Root against ex-St. Louis Cardinals? It can be tempting
By Bill Dawson
We applaud when former St. Louis Cardinals come to Busch but do we really want them to be better than ever? Should we root for ex-Cardinals?
Classy St. Louis Cardinals fans insist with every trade that they “wish the best” for the departed player(s), but be honest. How many of you want the first baseman (Luke Voit) that the team traded to the Yankees for a couple of iffy pitchers (Giovanny Gallegos, Chasen Shreve) to become the next Lou Gehrig?
In his first 100 games as a Yankee, Voit has hit .286 with 29 homers and 72 RBI — which projects to 47 homers and 119 RBI over a full 162-game season. This should be a feel-good story for St. Louis fans. Voit attended David Freese’s old school, Lafayette High in Wildwood, Mo., just 30-some miles from Busch Stadium. He hit .240 in 125 bats for the Redbirds before last year’s trade to the Yankees. Now, at age 28, he’s excelling for baseball’s most illustrious franchise.
Still, a St. Louis Cardinals fan might feel a little ambivalent about Voit’s superior slugging for the boys in pinstripes. It’s like seeing a former partner looking and doing better since the two of you parted. You want to be happy for your ex but you can’t get past a selfish sense of what you lost. Sure, you want your old flame to do well, but not too well…
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Sparky Lyle learned how fickle fans can be when he was dealt from Boston to the New York Yankees in 1972. “After the trade, sometimes people came up to me at banquets and said, ‘I can’t root for you anymore because you’re with the damn Yankees now,’” he said, quoted by Harvey and Frederic J. Frommer in 2005’s Red Sox Vs. Yankees: The Great Rivalry.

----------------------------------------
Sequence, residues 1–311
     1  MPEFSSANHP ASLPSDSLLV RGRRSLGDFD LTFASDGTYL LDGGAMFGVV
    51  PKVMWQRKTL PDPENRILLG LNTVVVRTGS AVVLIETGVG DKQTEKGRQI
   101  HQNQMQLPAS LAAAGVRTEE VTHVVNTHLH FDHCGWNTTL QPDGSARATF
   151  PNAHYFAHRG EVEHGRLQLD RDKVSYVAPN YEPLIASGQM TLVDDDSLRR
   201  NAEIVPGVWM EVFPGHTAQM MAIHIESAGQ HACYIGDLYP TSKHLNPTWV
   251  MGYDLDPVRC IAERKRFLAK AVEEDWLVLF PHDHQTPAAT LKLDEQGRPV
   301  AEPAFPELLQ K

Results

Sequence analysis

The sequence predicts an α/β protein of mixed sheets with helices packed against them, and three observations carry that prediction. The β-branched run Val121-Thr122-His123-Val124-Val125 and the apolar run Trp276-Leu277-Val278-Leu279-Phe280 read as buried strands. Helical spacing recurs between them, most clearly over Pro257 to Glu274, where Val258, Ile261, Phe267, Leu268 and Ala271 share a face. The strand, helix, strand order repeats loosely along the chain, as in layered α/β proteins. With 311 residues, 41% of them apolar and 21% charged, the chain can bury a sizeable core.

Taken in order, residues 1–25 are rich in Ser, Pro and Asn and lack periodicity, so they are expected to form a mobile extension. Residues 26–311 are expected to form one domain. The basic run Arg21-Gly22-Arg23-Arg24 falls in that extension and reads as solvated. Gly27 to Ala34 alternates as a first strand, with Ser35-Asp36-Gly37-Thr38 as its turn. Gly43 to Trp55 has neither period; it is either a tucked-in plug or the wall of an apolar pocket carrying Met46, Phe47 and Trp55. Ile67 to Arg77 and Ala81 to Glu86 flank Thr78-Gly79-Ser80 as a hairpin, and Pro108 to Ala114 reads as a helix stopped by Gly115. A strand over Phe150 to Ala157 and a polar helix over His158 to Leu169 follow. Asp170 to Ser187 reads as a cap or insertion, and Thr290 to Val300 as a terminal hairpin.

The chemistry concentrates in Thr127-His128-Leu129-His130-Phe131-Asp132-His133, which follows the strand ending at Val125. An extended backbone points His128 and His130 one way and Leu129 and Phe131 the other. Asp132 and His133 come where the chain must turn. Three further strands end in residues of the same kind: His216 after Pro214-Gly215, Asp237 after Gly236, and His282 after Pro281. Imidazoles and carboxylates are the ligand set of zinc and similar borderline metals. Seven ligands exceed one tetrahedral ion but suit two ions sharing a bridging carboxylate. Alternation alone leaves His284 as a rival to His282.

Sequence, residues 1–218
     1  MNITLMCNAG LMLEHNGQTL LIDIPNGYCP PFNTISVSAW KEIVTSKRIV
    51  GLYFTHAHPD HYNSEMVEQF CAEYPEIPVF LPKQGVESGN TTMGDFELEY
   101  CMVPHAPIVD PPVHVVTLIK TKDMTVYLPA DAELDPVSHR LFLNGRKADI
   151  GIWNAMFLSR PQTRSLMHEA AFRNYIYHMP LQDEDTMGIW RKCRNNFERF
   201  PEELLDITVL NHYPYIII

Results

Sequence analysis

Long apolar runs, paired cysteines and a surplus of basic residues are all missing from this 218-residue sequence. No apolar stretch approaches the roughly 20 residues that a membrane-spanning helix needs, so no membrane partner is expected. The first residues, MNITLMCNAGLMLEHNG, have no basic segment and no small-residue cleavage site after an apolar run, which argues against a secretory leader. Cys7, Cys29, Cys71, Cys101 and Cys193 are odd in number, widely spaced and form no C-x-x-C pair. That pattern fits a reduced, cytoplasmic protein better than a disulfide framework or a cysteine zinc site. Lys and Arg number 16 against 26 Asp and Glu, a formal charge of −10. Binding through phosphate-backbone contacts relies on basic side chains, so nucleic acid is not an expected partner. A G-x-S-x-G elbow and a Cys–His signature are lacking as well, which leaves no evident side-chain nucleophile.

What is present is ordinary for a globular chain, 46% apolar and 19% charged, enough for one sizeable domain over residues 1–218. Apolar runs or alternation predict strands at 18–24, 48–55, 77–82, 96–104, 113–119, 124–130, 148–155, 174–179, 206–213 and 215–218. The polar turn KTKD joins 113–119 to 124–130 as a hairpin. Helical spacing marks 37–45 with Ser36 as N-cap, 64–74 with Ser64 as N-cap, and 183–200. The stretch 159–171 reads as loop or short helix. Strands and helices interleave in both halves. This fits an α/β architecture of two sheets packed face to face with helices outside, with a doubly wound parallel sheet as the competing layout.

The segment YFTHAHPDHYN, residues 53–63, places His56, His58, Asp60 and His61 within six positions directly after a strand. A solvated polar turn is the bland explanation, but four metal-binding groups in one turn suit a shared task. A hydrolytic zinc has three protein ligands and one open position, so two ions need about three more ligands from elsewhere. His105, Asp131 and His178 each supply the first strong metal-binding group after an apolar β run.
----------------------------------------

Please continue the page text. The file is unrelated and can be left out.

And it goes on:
Of course, Lyle was going to his original team’s most hated rival. The St. Louis fans’ compulsion to cheer for ex-players can alter when it’s a Cardinal going to the Cubs, particularly a player like Jason Heyward or John Lackey, both of whom chose Chicago as a free-agent destination. Heyward and Lackey were booed (with a light mix of cheers) when they first returned to Busch to play St. Louis on April 18, 2016.
Would Redbird Nation boo Luke Voit returning to Busch in Yankees pinstripes? Of course not. They would certainly cheer Voit and Tommy Pham, hitting .311 since last year’s trade to the Tampa Bay Rays. And Luke Weaver, 4-3 with a 3.03 ERA with the Diamondbacks this year. And Lance Lynn, 7-4 with a 4.39 ERA with the Rangers. And Marco Gonzales of the Mariners. And Stephen Piscotty of the A’s.s
But it may feel different four or five years from now if those ex-St. Louis Cardinals are killing it with their teams — and killing the Redbirds. It’s easy to say you’ll always have a place for them in your heart, but there’s fatigue and despair in watching players you used to like or love beating up on your ballclub year after year, something Redbird fans have been mostly spared since Cardinal-turned-Phillie Steve Carlton went 38-14 with a 2.98 ERA against his old ballclub.
How many Redbird fans were still cheering for the lefty in 1980? Here’s a guess: not many. That year, Carlton went 24-9 with a 2.34 ERA as the Phillies finished 17 games up on the Cardinals and won their first World Series. Against St. Louis, he was 6-0 with a 1.38 ERA.
As fans, we should never wish ill on any ex-Cardinal, but do we have to cheer them on after they’ve moved on? Look at it this way: Matt Carpenter and Jake Arrieta were fast friends and teammates at Texas Christian University. Arrieta was a groomsman at Carpenter’s wedding. But did Carp keep rooting for good buddy Jake when Arrieta was winning the 2015 Cy Young award with the Cubs? No!
“It was hard, at first, facing him because I was like, ‘Man, I want this guy to do well,’” Carpenter told Carrie Muskat and Jenifer Langosch of MLB.com in 2015. “That was also when (the Cubs) had no chance of making the postseason. But now that things have changed, I can’t root for him anymore.”
Luke Voit doesn’t play for the Cubs and, hopefully, he never will. As long as Voit, Pham, Piscotty, and Gonzales stay in the American League, we might as well wish them well.